Putting the Quality into ‘Quality of Life’: the
Contribution of Qualitative Methods to
Assessing Wellbeing in Zambia and India
Paper to Development Studies Association
3 November 2012
Sarah C. White and Shreya Jha
University of Bath
The Field of Wellbeing
• Wellbeing in development currently two main trajectories:
– National level ‘beyond GDP’ statistical measures of progress
– Community/individual level research and some project M&E
• Wellbeing in development builds on long tradition of
broadening vision of development (‘beyond economics’)
and range of voices (‘bottom up’ perspectives and
participatory approaches)
• Subjective dimension is signature to wellbeing but not new
– eg work on gender and empowerment
• Broader field of happiness, quality of life and wellbeing:
Dauntingly large number of studies
Overwhelmingly quantitative
Dominated by measures not concepts
Expert/elite capture
Reclaiming the qualitative
• This paper reports on on-going mixed method
research in India and Zambia to argue the vital
contribution of qualitative approaches to the
study of wellbeing:
– improving data quality and problem-solving
– strengthen analysis and interpretation of results
– deepening conceptual, ontological and political
Points of Reference
• Kanbur and Shaffer (2007) note value of mixed methods in
poverty analysis, but also tensions which derive from
different philosophical standpoints
• Graham (2011) notes of the ‘does money make you happy’
debates that much of the dispute can be traced to the
methods used in different studies
• Camfield et al. (2009) describe discrepancies between
qualitative and quantitative data from same subjects
‘Qualitative approaches… foreground the presence of both the
respondent and the researcher, which highlights the fallibility of
all data collection by emphasising their role in its “co-creation” ‘
(Camfield et al., 2009: 8)
The Wellbeing Pathways project
• to develop a model of wellbeing that is grounded in the South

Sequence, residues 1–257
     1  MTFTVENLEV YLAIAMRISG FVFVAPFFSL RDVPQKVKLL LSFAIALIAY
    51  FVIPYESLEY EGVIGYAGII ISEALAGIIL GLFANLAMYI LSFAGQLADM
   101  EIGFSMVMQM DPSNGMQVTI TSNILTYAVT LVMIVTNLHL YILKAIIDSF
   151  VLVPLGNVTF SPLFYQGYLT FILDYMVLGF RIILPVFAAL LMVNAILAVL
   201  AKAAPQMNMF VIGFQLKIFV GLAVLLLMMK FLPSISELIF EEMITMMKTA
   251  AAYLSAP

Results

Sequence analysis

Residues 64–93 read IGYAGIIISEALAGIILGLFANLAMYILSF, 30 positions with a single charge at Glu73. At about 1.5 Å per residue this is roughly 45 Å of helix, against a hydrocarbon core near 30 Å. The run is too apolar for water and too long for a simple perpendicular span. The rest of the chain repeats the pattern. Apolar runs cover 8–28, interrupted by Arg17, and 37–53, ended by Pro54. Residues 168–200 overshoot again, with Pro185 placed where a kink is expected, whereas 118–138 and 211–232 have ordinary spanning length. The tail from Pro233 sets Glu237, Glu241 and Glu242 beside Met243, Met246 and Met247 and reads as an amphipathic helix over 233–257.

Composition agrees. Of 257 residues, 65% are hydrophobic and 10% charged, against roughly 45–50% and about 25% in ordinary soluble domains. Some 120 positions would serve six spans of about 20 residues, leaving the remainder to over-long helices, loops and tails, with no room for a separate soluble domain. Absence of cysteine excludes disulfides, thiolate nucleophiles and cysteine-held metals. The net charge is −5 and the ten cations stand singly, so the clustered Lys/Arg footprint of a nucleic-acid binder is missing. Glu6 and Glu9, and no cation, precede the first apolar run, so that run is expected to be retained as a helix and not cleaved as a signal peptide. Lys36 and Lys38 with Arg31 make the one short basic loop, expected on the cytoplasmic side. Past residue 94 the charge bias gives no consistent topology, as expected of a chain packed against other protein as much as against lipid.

(more like) how people there think and talk and feel and act
• to explore the relationships between poverty and wellbeing –
both quantitatively (survey) and qualitatively (interviews)
• in marginalised rural communities, Zambia and India
• two rounds of fieldwork of 3-4 months in each country
• In each location and each round 350 respondents: 150
couples (husbands and wives separately) and 50 women
heading households
The Sites
Sarguja, Chhattisgarh
Wellbeing Pathways model
• Seven domains (closely interacting)
• Wider environment which enables or constrains
• ‘objective’ conditions of people’s lives (via selfreport) plus
• inner wellbeing:
– beyond satisfaction
– how people feel they can be or what
they feel they can do, in each domain
– distinct in concept and methods from
Subjective Well-being (SWB) or
subjective quality of life
– allows fluid associations between mind,
body and spirit, recognising cultural
constructions differ
Improve data quality through
survey design
• Quantitative approaches tend to emphasise output
• Qualitative pay more attention to input and process
Designing the survey
• Initial consultation on local issues
• Intensive grounding and piloting – 10 weeks in all
• To ensure data quality (and ethical research practice):
only include what we think we will use
don’t ask for unnecessary detail that makes answering onerous
make the process of doing the survey as conversational as possible
phrase items as closely as possible to the ways that people talk
pay attention to how people are thinking and talking about their lives
Research officer present throughout, regular team meetings to
raise spirits, ensure data quality, extend local researchers’ skills
Qualitative Problem-Solving
• Statistical analysis of 1st round data from Zambia showed it
didn’t come together as we had hoped (skewness and
kurtosis so no factor analysis possible)